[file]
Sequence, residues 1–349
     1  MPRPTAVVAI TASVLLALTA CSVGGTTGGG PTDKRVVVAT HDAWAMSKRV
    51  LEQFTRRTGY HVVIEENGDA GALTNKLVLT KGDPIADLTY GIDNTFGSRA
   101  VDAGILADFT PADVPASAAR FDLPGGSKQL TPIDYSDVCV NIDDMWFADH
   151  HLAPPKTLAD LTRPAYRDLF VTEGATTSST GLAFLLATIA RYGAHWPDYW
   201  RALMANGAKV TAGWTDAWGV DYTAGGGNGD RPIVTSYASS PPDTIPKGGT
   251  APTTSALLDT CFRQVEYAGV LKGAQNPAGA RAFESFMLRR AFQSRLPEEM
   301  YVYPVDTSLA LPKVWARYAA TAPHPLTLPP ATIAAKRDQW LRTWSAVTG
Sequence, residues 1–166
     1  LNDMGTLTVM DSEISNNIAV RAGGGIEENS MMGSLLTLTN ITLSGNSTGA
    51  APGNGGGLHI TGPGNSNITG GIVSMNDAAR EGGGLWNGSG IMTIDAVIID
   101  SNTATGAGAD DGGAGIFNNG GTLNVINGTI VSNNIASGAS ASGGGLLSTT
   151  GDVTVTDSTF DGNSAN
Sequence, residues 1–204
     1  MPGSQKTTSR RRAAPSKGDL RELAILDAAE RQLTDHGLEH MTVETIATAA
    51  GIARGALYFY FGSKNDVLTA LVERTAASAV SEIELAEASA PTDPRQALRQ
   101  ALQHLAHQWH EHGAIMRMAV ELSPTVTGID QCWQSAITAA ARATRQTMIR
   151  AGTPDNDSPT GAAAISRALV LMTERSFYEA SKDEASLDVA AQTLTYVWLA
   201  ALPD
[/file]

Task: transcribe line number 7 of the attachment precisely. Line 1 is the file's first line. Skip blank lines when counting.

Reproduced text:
   251  APTTSALLDT CFRQVEYAGV LKGAQNPAGA RAFESFMLRR AFQSRLPEEM